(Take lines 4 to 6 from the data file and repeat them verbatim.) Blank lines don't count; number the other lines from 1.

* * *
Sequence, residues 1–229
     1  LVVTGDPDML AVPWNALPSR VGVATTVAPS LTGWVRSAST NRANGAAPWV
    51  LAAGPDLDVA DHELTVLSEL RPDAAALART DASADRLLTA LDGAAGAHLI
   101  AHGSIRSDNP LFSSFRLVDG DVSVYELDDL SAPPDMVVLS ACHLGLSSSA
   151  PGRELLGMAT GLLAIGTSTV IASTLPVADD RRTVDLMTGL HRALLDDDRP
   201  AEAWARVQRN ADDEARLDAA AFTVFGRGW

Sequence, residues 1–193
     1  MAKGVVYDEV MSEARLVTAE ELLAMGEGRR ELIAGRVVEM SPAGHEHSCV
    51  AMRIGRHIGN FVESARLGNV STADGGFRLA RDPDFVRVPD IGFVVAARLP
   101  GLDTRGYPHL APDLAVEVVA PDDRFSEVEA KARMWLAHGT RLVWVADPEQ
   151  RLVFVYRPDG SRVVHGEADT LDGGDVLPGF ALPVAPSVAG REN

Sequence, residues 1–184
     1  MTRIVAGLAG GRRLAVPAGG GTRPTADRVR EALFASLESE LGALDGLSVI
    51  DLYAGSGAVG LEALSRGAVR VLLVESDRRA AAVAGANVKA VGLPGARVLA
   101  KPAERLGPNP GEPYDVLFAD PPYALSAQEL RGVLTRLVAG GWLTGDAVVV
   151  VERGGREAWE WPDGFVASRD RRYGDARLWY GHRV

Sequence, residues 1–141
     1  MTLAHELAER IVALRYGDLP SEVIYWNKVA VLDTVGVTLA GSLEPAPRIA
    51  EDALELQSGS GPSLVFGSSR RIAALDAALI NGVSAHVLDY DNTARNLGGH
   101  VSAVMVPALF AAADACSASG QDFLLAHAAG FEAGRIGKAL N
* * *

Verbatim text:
   101  AHGSIRSDNP LFSSFRLVDG DVSVYELDDL SAPPDMVVLS ACHLGLSSSA
   151  PGRELLGMAT GLLAIGTSTV IASTLPVADD RRTVDLMTGL HRALLDDDRP
   201  AEAWARVQRN ADDEARLDAA AFTVFGRGW